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|Title:||Cortical correlates of response time slowing in older adults: ERP and ERD/ERS analyses during passive ankle movement|
|Authors:||Toledo, Diana R.|
Manzano, Gilberto M. [UNIFESP]
Barela, Jose A.
Kohn, Andre F.
|Publisher:||Elsevier Ireland Ltd|
|Citation:||Clinical Neurophysiology. Clare, v. 127, n. 1, p. 655-663, 2016.|
|Abstract:||Objectives: The response time (RT) to kinesthetic perception has been used as a proprioceptive measurement, for example, in older individuals. However, the RT cannot provide information on impairments at specific stages of the respective sensorimotor processing. In the present study, electroencephalographic (EEG) signals were recorded during passive ankle movement with and without an associated perceptual task of movement detection. The main purpose was to analyze differences between young and older adults both in terms of RT and cortical responses. Putative differences in the latter were expected to point to changes in the processing associated with neural pathways or cortical regions in the older subjects. Methods: The EEG activity of nineteen older (OA, 65-76 years) and 19 young adults (YA, 21-32 years) was recorded during passive ankle movement, without motor voluntary response (NVR, sensory condition), and during a condition with voluntary motor response (VR, with measurement of the RT). Event-related potentials (ERP) and beta event-related desynchronization/synchronization (ERD/ERS) were recorded and analyzed in both experimental conditions. Results: The RT in OA was larger than in YA (P < 0.0001). EEG analyses showed that the N1 amplitude was larger in the VR than in the NVR condition (P = 0.006), whereas no difference for latency was obtained between conditions (P = 0.376). Comparisons between the groups revealed attenuated (P = 0.019) and delayed (P = 0.001) N1 in the OA group, irrespective of the condition (no interaction group vs condition). Only OA showed correlations between RT and N1, with significant correlation for both amplitude (r = -0.603, P = 0.006) and latency (r = 0.703, P = 0.001). The ERD/ERS analyses revealed a task-dependent group effect: in NVR, significant differences were obtained only for the ERS amplitude, which was attenuated in OA (P = 0.003). In VR, larger (P = 0.004) and delayed (P = 0.003) ERD and attenuated (P = 0.029) and delayed (P = 0.017) ERS peaks were observed in the older group. Conclusions: The results suggest that a larger response time to proprioceptive stimuli in older adults is associated with a weaker and delayed proprioceptive afferent inflow to the cortex. In this scenario, older adults would need a higher cognitive effort (larger ERD) to process the sensory inputs when attempting to properly perform a sensorimotor task. Significance: ERP and ERD/ERS measurements during kinesthetic assessment provide new insights on identification of the origin of sensorimotor slowing in older adults. (C) 2015 International Federation of Clinical Neurophysiology. Published by Elsevier Ireland Ltd. All rights reserved.|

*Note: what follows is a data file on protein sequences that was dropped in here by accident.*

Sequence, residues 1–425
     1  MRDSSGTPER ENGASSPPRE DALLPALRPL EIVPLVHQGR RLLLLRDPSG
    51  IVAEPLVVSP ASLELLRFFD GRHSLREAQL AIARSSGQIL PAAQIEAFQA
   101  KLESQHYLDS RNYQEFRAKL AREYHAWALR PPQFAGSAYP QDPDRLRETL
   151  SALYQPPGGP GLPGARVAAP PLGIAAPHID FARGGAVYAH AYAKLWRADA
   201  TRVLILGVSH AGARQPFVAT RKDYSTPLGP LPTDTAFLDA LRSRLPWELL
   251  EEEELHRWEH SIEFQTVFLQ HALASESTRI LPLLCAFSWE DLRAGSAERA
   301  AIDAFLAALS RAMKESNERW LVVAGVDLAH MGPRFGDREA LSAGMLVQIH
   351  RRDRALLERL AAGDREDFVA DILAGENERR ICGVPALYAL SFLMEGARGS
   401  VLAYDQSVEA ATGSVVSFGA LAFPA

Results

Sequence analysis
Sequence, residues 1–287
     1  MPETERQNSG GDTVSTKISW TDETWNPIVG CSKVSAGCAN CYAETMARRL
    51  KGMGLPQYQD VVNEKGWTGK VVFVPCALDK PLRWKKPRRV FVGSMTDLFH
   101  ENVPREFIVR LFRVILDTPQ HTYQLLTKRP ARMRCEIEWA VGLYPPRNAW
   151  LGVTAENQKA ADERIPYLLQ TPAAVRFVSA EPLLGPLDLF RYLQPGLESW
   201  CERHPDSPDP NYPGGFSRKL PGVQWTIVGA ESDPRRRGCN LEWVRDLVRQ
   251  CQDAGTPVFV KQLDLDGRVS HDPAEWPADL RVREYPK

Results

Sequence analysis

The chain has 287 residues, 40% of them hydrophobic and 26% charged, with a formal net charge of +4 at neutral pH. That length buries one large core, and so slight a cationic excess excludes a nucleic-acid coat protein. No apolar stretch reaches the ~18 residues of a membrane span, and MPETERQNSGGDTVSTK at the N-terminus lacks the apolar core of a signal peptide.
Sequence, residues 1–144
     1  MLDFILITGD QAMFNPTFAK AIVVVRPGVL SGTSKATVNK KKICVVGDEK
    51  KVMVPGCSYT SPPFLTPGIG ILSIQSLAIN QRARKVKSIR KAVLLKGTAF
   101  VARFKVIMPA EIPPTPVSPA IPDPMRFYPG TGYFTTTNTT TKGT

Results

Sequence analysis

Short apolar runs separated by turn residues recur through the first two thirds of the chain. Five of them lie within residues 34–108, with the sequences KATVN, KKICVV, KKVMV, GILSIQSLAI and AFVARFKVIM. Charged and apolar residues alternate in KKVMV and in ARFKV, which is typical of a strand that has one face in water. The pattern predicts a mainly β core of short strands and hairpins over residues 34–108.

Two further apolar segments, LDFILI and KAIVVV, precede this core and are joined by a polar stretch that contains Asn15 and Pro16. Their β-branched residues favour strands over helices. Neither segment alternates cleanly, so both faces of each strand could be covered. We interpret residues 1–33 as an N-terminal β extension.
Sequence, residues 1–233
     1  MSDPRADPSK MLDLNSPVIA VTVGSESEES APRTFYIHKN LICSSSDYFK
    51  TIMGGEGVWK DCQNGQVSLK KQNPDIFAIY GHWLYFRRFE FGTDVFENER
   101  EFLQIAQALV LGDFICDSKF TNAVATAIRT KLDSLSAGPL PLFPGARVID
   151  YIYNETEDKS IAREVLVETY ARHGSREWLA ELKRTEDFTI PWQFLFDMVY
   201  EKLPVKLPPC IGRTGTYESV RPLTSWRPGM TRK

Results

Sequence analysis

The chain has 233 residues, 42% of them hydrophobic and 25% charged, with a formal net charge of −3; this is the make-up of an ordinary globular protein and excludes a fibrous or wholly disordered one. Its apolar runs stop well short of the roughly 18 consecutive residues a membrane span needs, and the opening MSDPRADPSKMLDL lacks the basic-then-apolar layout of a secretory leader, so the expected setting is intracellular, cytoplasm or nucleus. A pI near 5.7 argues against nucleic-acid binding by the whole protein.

|Appears in Collections:||Artigo|
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